A while later, Lampitt touched Judith’s arm. Judith came to visit sometimes. More often than his father. She usual brought a chair with her and sat in silence. She often said something like ‘I can just sit and listen, Martin’.
After an hour she would leave, often flanked by two large men with looks that said they had trampled on the throats of men for less than the price of your detuned TV set.
Judith removed Lampitt’s hand and placed it back on his leg. She had long hair tied up in a bun and, Lampitt thought, legs too slender to be confined to the sensible shoes and trousers she wore to each meeting. She tried not to bite the end of her pencil but found it increasingly difficult whilst peering at him over a clipboard.
“I think it’s better if you don’t come round anymore,” Lampitt said.
Judith rubbed her wrist without thinking. Brushing off any trace of him.
“I’m just trying to help Martin. That’s why I’m here.”
“I don’t want you in here with me anymore,” said Lampitt and stood up. The blinking light of the CCTV camera fixed on him from outside.
“And could you please stop sending these things as well?” He pointed to the growing foliage, “I’ve got nowhere to put them. They’re taking over the bloody house.”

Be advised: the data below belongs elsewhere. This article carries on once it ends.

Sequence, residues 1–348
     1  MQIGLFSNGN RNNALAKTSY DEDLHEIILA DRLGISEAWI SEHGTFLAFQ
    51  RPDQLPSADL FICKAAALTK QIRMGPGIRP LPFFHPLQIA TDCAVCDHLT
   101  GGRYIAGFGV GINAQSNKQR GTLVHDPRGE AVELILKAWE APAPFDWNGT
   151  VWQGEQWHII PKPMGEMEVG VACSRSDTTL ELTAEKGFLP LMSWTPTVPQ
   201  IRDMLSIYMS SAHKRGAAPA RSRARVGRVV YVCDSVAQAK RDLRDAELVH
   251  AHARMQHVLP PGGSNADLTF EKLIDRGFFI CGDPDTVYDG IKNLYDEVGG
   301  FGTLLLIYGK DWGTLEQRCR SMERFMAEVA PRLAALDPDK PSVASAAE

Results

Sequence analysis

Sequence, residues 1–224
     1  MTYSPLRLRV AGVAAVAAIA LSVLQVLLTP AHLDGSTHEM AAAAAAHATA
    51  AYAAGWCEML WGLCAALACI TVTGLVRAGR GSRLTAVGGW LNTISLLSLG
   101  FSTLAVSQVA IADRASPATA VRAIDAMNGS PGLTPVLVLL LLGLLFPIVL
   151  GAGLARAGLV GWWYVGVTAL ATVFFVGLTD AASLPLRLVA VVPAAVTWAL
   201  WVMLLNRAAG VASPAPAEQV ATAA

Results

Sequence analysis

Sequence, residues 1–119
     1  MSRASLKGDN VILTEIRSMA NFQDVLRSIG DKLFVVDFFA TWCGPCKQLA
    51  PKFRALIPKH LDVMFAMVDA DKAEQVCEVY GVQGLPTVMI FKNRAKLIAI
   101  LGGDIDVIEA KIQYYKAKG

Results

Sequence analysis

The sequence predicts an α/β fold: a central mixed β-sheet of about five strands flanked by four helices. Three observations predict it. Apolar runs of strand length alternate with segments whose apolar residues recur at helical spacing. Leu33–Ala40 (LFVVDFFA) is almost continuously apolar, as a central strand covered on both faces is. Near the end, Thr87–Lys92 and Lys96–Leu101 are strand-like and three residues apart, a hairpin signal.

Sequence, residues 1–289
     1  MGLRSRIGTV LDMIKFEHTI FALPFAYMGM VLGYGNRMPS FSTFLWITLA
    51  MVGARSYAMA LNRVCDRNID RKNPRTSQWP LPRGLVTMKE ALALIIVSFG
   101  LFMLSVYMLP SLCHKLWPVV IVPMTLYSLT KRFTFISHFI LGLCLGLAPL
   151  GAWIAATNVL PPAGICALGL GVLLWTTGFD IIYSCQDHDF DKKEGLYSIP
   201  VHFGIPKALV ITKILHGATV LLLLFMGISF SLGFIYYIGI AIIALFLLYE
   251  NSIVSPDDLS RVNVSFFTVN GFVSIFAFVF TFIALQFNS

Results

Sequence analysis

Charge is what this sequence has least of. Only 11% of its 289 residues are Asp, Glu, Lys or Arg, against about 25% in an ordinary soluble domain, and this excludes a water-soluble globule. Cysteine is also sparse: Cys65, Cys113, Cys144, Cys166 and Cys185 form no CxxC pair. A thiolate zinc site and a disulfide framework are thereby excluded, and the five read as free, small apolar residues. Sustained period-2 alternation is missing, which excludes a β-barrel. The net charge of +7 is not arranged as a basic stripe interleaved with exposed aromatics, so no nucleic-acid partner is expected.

Judith took another slurp of cold tea.
“If that’s what you want Martin.”
Sometime after she had left in much the same way as his father had left, reserved, concerned and mildly annoyed, Lampitt thought of calling his father. He would have, if the phone had a been set up to call out. ‘Dad… could you… I need to…’ He would have stuttered.
Lampitt wanted to call a different number and say “Steph… It’s me… Look… Can we talk?” but when the time had come he couldn’t find the words. He couldn’t bear the thought of a soft voice saying ‘Don’t call here anymore.’
Two days later the phone rang again. Lampitt let it ring. He stared at bars around the window and the camera and the brick wall beyond it.
By July 2nd, Lampitt no longer considered escaping from the flat. The vines now crisscrossed the front door wrapping themselves around the handle and lock. He struggled to move. He was weak having not eaten. No one had called for several days.
The only nutrients came from the plant, which he took on twice daily. Not enough he thought. Not enough to sustain a life. He looked at the surrounding smooth leaves and long bent stems and felt the occasional lunge in his groin.
Some later, Lampitt noticed that the phone cord had been cut.
The medicinal uses for the orchid date back thousands of years.
Lampitt didn’t remember entering the hotel room or the girl. He didn’t remember telling her to ‘Shut her mouth’. He didn’t remember forcing her face into the pillow. He didn’t remember the noise she made as she struggled to breath. He did remember coming to though, head filled with lead, slumped at the side of the bed and the look of shock on the face of his friend.
On July 9th, there was another knock at the door.
“Lampitt 27698… Lampitt…27698… Respond and come to the door with your hands where we can see them.”